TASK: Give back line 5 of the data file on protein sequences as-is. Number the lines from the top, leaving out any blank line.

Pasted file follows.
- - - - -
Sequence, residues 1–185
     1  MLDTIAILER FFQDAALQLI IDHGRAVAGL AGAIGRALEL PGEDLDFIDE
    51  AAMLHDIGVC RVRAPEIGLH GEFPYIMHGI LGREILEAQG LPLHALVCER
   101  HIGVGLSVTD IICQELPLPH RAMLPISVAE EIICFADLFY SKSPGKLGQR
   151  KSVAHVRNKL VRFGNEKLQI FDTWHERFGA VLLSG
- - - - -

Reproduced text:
   151  KSVAHVRNKL VRFGNEKLQI FDTWHERFGA VLLSG